One inevitably sunny Las Vegas week early in the year, the UFC sequesters all of its fighters in a hotel and gives them the need-to-knows of working for the biggest MMA promotion. At some point in the gathering, as the world's toughest men do their best impression of conventioneers, there's a section on self-promotion, and social networking comes to the fore.
This discussion is led by UFC president Dana White, a staunch devotee of Twitter and a popular presence with nearly 1.4 million followers. Build your brand, he tells the guys. You can increase your worth without the UFC's help. Twitter, in all its textual freedom, is your friend. So much space to promote, interact and inform.
Emphasis on inform.
"He was like, 'I want you guys to Twitter, Facebook, get your name out there,' " lightweight Jeremy Stephens said. "He said, 'In this business, you only last so long as a fighter. It's your job to fight hard and train hard, but at the same time, make sure you make a name for yourself.' "
Fighters are now a couple of years into the social networking craze, just as the rest of us, and they're making all kinds of noise about everything. A lot of things you wouldn't necessarily hear in front of a camera, and a lot of things you really didn't need or want to know.
While most tweets add to the static of daily life, some carry a message. In fact, many fighters have taken the social networking tool and turned it into a career forum. More than ever, they're starting their own storylines by insulting this guy or calling out that guy. They're making respectful agreements to fight each other, and they're beseeching fans to Twitter-bomb White.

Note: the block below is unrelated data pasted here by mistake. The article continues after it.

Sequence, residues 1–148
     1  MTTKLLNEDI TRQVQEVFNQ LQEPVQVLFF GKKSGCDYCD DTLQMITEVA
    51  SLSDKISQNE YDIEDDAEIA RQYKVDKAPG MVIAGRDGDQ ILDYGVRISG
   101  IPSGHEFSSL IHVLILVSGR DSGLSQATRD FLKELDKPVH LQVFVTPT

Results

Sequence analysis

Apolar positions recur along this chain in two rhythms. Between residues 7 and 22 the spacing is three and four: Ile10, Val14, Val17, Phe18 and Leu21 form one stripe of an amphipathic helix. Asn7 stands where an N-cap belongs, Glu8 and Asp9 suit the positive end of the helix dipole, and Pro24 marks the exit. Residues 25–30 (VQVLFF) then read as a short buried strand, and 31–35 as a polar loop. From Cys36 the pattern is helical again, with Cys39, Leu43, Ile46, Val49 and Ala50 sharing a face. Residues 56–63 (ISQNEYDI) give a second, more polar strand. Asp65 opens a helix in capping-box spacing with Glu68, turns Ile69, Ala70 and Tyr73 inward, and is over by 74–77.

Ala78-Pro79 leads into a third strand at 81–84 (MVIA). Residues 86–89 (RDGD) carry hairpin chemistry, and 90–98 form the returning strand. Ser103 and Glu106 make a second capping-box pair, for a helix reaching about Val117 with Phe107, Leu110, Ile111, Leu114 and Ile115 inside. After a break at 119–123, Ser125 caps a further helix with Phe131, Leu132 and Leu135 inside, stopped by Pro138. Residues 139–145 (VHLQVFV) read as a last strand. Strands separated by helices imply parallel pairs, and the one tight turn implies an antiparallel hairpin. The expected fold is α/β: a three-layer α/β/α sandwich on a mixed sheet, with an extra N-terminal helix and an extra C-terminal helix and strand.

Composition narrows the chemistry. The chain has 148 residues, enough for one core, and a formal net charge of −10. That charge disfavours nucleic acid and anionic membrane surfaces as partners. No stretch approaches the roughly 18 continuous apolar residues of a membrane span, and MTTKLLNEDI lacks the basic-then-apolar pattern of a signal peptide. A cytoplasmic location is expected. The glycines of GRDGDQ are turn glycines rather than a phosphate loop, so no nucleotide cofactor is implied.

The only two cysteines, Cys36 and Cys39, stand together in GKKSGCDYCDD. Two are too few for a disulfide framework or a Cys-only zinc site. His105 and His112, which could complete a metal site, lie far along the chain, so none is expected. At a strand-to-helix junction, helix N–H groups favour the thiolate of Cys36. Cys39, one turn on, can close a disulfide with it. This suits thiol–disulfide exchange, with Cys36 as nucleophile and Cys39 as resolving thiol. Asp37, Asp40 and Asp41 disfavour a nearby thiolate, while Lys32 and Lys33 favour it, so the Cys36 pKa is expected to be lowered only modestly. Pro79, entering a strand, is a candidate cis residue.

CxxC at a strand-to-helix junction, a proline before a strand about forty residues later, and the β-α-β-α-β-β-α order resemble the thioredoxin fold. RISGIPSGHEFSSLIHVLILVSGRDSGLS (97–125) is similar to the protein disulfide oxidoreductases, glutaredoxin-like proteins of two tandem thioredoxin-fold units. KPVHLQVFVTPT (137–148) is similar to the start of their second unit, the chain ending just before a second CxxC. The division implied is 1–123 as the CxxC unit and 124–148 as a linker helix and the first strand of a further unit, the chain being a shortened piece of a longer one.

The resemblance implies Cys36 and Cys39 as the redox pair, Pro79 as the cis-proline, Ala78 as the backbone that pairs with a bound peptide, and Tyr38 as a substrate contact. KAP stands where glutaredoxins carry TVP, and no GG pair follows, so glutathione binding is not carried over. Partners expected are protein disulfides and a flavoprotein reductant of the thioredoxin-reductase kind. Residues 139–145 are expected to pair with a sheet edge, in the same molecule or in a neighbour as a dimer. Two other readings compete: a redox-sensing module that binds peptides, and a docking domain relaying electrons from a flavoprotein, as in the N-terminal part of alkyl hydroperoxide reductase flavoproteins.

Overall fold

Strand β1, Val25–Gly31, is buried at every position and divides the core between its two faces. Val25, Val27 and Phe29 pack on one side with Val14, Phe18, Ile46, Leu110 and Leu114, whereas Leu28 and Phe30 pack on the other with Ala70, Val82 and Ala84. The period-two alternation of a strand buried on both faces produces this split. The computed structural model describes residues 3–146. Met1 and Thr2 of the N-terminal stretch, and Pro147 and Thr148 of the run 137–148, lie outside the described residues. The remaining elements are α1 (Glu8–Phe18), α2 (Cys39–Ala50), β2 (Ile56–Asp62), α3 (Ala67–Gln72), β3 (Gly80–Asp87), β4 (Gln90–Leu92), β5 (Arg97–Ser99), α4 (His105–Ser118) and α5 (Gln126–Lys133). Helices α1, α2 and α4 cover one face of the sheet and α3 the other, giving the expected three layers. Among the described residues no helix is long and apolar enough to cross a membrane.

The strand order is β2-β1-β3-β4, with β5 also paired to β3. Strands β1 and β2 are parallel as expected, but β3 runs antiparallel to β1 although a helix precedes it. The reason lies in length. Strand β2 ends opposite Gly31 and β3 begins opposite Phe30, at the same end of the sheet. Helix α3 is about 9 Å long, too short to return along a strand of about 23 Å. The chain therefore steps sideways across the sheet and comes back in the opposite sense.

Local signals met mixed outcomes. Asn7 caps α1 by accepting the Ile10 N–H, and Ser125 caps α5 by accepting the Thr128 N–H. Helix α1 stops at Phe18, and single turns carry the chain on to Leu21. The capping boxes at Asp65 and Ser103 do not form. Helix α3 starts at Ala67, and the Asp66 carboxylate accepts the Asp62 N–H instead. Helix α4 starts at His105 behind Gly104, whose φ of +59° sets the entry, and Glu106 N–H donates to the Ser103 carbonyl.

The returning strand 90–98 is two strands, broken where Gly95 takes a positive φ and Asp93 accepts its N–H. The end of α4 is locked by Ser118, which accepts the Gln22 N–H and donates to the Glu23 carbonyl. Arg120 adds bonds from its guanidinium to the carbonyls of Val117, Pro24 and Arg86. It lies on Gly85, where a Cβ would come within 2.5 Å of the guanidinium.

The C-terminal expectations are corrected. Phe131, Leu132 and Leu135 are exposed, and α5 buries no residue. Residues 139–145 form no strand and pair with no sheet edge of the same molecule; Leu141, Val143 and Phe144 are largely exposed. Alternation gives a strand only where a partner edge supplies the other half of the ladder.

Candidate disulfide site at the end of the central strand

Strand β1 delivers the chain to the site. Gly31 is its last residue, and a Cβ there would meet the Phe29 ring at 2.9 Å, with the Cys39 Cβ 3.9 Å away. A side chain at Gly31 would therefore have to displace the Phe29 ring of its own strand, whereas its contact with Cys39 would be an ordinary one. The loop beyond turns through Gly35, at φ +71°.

It seems everywhere you turn these days, someone's hustling. Dan Hardy wants a standup war with Chris Lytle. Anthony Johnson and John Howard hate on each other every time they get behind a keyboard. Everyone wants to fight Michael Bisping after he spat at or in the direction of Jorge Rivera's cornerman at UFC 127 (ballistics tests have yet to be made available).
Now, everybody's a matchmaker. What happened to the days when fighters trained, got a call from a manager and went to work? Is it now about who types the loudest?
Some managers, like veteran Monte Cox, wish clients would pipe down.
"Maybe I'm too old, or to old-school," he said. "When Tito [Ortiz] fought Chuck [Liddell], you didn't have to do any hype on the fight. Everyone wanted to see that fight. Nowadays, it's more, 'He did this to him at the press conference.' Maybe it works, but I'm not a big fan of it."
Another manager thinks tweet-outs are a measure of desperation, a sure sign that a fighter is trying get opportunities he wouldn't have received unless he made a stink online.
"It probably means that you didn't deserve the matchup," Gary Ibarra said.
Manager Mike Roberts looks on the sunny side. He said online campaigns can help open the door to pairings that may not have been on the UFC's radar but make sense in a particular division.
"It makes my job easier," he said.